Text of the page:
By: The American Academy of Estate Planning Attorneys

We’ve all dreamed of suddenly becoming wealthy by winning a lottery jackpot, receiving an unexpected inheritance, or some other happy accident. However, few of us consider what steps we would take to manage a windfall.

Without careful management, your dream come true could quickly turn into your worst nightmare. What steps should you take to ensure that you stay out of trouble – and that your windfall is there to enhance your lifestyle for many years to come?

Step One: Seek Solid Tax Advice

You don’t have to pay income tax on every type of windfall. For instance, inherited money is not subject to income tax (although there will likely be other tax issues to be aware of). Lottery winnings or a casino jackpot, on the other hand, are taxable income and must be reported to the IRS. It’s crucial to know the rules. Running afoul of the IRS can spell financial and personal disaster.

That is why, when you come into money, whether expected or a surprise, your first order of business is to find out whether you owe a portion to the IRS. Estate planning attorneys are educated in the details of these kinds of tax issues, can tell you whether you owe income tax, and, if so, how much.

Step Two: Put Your Money to Work

After you’ve figured out the details of your tax situation, you may be tempted to go on a shopping spree, buying everything you’ve always wanted. Or – if you’re a little more altruistic – to start sharing your newfound fortune.

Before you take either of these steps, make an appointment with a financial planner. He or she can assess your age, your overall financial situation, and your financial goals and help you decide how to best invest your money to maximize your returns. Putting your money to work in this way will help your wealth grow, giving you and your family long-term financial security.

Ultimately, this will result in more money for you to spend, give away, or use as you see fit.

Step Three: Create or Update Your Estate Plan

Wealth does not mean much if you don’t have a plan for taking care of your family (not to mention your finances) in the event of your death or disability.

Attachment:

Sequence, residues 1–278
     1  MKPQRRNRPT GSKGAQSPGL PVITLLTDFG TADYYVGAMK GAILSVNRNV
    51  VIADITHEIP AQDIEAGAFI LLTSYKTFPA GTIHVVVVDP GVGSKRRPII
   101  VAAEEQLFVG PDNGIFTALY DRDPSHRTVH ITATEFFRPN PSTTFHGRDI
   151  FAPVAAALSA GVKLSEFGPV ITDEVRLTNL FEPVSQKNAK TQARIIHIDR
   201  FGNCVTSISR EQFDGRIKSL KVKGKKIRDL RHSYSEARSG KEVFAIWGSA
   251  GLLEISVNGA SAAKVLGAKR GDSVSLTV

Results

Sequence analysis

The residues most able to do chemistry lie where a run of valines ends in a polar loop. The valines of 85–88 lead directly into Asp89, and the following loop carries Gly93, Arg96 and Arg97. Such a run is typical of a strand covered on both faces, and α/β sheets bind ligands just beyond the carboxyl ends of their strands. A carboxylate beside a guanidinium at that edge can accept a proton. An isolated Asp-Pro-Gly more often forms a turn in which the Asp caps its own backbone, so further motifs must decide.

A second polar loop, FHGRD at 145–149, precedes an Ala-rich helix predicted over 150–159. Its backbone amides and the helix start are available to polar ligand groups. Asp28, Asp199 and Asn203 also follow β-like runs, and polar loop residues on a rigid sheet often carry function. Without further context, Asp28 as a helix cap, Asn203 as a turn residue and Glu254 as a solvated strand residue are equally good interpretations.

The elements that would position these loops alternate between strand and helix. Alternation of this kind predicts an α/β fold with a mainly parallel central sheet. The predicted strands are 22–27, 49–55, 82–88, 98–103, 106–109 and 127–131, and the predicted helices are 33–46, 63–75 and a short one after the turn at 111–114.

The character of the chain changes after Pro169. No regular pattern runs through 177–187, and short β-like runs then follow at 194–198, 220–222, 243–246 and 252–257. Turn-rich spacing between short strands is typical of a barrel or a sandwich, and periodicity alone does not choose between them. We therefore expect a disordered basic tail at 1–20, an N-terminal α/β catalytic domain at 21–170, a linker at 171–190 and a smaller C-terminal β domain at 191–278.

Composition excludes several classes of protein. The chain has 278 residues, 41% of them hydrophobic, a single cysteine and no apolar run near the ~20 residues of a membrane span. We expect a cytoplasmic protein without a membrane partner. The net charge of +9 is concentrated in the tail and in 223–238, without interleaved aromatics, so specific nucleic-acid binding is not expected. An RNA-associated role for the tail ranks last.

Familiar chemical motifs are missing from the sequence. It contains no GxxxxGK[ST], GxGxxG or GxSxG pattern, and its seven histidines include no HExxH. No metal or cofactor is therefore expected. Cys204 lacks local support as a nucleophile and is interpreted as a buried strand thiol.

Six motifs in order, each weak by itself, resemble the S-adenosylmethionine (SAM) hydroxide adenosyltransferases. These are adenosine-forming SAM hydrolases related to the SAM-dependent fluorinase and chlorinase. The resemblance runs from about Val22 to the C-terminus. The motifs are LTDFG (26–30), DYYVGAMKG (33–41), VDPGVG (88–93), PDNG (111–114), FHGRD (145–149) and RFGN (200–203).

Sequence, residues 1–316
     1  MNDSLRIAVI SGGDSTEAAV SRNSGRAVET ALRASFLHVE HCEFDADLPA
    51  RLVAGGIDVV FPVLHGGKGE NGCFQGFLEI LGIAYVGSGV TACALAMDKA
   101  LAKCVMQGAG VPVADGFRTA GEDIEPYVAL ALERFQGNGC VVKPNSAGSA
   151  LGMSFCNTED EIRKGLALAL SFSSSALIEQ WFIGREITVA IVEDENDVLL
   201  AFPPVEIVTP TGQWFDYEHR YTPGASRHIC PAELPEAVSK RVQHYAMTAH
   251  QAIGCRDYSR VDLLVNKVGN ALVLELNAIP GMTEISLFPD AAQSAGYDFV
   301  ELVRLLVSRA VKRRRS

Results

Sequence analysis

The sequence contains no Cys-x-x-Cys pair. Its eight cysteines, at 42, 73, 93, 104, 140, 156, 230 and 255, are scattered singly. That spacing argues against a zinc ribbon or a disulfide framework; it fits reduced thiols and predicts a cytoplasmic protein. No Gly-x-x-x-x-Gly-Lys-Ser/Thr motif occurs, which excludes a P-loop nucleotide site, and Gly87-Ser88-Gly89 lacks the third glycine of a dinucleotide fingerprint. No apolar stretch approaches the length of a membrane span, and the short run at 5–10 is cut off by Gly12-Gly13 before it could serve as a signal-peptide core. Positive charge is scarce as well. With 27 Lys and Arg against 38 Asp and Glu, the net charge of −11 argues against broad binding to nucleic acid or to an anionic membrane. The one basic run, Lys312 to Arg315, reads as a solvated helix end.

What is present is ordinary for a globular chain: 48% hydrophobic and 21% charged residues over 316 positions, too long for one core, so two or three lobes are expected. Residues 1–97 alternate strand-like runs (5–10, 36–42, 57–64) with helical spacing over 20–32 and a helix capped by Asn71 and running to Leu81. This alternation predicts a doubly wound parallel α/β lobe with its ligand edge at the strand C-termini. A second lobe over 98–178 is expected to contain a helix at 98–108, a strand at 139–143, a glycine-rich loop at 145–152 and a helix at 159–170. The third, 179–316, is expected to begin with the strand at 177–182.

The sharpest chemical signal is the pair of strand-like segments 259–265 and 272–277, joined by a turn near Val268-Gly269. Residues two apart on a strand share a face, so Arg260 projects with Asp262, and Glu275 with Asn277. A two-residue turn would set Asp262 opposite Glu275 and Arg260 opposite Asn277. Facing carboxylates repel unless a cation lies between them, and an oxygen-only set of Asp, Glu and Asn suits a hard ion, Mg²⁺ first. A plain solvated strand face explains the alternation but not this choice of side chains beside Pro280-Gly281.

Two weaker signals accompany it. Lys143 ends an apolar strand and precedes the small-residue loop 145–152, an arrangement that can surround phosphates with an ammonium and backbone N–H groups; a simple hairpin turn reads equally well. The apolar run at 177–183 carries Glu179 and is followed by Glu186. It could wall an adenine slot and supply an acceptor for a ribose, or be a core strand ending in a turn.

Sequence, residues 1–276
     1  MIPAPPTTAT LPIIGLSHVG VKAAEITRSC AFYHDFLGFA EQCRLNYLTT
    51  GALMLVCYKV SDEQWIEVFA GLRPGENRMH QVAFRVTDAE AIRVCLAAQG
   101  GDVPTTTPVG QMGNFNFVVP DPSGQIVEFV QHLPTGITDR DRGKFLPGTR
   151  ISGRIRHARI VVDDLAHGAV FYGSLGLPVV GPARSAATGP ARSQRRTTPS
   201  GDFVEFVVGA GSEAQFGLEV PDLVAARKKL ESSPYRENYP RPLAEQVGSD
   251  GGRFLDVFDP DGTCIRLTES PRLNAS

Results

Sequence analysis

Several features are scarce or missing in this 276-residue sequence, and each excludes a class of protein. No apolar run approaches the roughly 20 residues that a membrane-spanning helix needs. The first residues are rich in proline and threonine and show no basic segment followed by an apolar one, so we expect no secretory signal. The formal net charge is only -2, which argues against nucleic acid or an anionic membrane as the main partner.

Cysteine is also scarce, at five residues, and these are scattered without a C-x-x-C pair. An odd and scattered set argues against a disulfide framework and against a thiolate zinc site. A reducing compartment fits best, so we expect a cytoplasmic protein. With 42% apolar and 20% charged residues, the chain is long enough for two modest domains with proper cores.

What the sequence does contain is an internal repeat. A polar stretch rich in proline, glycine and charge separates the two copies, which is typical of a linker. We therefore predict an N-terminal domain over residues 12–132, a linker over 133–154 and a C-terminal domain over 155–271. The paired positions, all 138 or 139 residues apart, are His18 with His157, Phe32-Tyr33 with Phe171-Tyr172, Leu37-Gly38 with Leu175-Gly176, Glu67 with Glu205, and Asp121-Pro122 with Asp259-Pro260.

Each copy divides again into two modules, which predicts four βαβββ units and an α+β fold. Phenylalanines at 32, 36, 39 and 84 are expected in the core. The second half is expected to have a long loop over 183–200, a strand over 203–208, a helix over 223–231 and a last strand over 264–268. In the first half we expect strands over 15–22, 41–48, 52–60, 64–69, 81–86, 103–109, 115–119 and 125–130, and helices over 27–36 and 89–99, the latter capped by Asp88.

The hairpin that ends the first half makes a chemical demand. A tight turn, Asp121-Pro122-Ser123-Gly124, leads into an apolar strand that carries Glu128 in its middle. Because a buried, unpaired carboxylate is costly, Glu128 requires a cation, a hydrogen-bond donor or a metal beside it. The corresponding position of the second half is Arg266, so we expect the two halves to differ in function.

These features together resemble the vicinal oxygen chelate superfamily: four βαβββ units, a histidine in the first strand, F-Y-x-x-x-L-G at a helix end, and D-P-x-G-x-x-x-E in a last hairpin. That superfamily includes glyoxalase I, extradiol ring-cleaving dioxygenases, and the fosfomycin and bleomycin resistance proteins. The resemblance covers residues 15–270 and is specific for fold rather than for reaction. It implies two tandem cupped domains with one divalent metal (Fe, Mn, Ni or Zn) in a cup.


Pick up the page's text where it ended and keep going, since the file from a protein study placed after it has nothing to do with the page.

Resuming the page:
After you establish a financial plan, you should meet with an estate planning attorney. At the very least, you’ll need a basic estate plan including documents such as:

  • A Financial Durable Power of Attorney allowing you to appoint someone you trust to manage your finances on your behalf in case you become incapacitated.
  • A Power of Attorney for Healthcare allowing you to appoint someone you trust to make medical decisions in case you are sick or injured to the point that you cannot make such decisions for yourself.
  • A Revocable Living Trust to provide for the management of your property in the event of your incapacity during life and to allow for the smooth transfer of your assets to your designated beneficiaries, without the need for probate, after your death.
  • A Will to appoint a guardian for your minor children.

If you already have an estate plan, it is just as important to meet with your estate planning attorney to ensure it is current and updated to take into account your new financial wealth.

If you have received a large windfall, your estate planning attorney may also recommend that your estate plan include advanced planning and asset protection options. This includes taking steps to minimize gift and estate taxes and to protect your assets from creditors during your lifetime. You may also want to use strategies to shield your beneficiaries’ inheritances from creditors, predators, and mismanagement after your death.

Part of managing your financial good fortune is seeking expert advice to help you grow and protect your windfall, ensuring that it will be there when you and your loved ones need it. An estate planning attorney can give you the advice that will put you on the road to a secure future.

Share on Google+Tweet about this on TwitterShare on FacebookShare on LinkedInShare on StumbleUponEmail this to someone